Negative Publicity: Artefacts of Extraordinary Rendition
‘Negative Publicity: Artefacts of Extraordinary Rendition’ is a complex portrayal of the U.S. Central Intelligence Agency’s secret detention practices in the war on terror and the process of investigating them. It reflects five years of work by counter-terrorism investigator Crofton Black and photographer Edmund Clark on secret detention sites, the logistical structures which enabled them and the people held in them.
The exhibition interweaves photographs of sites associated with the detention programme with documents that identify them and relate to them: declassified government reports, freedom of information disclosures, lawsuits, invoices, contracts and other minutiae of the business transactions that underpinned a worldwide network of covert jails. Black and Clark’s work evokes the appearance of disappearance: it traces the mundane bureaucracy of modern warfare and public complicity in it, exposes the strikeouts and redactions of official accounts and explores the vanishing points of accountability, knowledge and the law.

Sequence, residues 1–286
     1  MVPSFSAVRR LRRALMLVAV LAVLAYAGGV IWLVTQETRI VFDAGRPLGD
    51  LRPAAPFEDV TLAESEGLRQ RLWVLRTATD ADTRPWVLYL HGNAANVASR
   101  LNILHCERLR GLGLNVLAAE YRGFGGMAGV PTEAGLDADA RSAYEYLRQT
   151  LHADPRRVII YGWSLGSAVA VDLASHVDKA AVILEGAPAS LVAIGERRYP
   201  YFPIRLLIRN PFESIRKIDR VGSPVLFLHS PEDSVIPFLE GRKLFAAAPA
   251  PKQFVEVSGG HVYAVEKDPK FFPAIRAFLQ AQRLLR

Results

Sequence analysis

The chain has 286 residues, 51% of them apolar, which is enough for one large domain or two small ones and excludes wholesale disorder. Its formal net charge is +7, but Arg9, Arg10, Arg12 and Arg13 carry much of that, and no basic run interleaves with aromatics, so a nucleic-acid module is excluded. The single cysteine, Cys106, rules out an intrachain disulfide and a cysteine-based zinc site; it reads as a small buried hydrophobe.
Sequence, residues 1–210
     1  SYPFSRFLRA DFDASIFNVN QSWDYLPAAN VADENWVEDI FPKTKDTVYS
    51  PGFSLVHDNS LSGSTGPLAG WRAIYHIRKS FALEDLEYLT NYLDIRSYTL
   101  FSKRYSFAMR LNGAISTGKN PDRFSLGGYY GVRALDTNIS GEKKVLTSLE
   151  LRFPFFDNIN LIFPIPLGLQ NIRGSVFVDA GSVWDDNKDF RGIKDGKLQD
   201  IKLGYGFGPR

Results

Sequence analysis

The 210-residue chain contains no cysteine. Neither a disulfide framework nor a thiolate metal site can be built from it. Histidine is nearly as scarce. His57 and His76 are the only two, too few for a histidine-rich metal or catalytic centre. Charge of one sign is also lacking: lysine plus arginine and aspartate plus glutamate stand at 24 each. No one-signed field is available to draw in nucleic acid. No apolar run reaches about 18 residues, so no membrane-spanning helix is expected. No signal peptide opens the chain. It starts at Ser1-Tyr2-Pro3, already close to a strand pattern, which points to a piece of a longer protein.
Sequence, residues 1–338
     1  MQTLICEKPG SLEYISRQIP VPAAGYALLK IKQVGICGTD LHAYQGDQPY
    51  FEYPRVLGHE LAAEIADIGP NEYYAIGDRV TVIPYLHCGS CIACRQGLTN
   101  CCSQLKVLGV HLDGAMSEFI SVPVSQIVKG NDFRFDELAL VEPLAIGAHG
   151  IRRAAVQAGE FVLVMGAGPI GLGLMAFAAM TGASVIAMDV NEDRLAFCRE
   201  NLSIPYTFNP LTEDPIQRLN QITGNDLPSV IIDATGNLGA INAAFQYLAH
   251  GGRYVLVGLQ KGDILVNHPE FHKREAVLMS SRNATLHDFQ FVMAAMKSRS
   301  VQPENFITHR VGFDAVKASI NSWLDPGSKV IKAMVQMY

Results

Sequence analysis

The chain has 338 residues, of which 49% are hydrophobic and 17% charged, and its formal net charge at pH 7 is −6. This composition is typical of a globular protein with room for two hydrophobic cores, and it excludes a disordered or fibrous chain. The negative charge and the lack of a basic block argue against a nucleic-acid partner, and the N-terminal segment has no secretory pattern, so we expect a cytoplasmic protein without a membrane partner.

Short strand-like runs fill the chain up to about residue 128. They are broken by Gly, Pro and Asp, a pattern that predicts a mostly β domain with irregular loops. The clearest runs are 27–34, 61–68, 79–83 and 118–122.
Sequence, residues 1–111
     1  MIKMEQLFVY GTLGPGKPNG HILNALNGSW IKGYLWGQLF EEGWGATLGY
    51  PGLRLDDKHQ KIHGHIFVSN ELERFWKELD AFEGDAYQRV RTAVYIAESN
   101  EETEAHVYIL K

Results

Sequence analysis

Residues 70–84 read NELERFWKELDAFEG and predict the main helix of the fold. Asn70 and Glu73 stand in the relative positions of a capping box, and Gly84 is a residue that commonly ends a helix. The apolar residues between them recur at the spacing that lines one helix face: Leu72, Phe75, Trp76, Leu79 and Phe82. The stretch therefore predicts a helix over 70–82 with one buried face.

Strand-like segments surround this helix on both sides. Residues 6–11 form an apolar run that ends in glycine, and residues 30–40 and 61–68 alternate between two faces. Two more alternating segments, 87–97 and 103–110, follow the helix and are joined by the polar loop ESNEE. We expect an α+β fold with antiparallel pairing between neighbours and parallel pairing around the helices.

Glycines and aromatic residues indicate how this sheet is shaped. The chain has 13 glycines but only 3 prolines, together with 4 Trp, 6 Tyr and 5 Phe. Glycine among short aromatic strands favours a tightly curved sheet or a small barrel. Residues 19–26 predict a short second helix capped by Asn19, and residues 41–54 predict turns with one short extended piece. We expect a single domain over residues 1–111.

Edmund Clark and Crofton Black’s project is part of the group exhibition Archivi del futuro, curated by Diane Dufour, Elio Grazioli and Walter Guadagnini.